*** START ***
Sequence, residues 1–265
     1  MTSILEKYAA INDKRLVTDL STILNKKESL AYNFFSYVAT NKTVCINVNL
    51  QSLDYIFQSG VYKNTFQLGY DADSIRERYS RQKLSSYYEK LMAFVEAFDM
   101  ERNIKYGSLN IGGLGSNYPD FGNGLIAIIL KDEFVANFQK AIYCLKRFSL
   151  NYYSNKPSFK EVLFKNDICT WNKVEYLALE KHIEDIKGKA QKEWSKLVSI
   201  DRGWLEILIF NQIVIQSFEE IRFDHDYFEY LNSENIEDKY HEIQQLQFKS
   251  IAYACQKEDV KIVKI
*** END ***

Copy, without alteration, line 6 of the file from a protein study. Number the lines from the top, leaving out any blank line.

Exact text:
   201  DRGWLEILIF NQIVIQSFEE IRFDHDYFEY LNSENIEDKY HEIQQLQFKS